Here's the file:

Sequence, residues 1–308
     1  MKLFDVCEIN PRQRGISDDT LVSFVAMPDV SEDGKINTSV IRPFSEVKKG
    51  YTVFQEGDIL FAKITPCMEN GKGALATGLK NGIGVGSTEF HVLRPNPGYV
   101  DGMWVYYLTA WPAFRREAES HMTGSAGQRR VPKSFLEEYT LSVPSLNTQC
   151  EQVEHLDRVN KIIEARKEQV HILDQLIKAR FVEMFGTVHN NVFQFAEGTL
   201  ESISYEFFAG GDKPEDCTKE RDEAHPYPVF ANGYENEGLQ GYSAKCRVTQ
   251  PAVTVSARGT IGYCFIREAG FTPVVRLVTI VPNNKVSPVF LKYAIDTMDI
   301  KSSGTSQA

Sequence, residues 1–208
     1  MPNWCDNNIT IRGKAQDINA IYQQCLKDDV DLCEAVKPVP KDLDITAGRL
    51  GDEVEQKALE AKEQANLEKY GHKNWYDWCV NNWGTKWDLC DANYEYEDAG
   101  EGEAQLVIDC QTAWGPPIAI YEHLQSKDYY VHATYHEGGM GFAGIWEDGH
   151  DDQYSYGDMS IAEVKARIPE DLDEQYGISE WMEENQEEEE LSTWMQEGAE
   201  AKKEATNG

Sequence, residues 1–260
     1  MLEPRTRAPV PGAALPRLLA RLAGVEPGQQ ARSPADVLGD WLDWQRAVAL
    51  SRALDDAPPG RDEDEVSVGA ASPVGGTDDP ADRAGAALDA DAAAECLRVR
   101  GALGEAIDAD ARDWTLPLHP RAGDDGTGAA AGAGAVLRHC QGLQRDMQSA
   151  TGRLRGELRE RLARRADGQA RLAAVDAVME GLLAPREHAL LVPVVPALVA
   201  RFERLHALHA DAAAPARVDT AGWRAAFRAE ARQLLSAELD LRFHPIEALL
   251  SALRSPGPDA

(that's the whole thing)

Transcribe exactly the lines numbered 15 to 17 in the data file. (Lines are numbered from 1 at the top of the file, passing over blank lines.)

Sequence, residues 1–260
     1  MLEPRTRAPV PGAALPRLLA RLAGVEPGQQ ARSPADVLGD WLDWQRAVAL
    51  SRALDDAPPG RDEDEVSVGA ASPVGGTDDP ADRAGAALDA DAAAECLRVR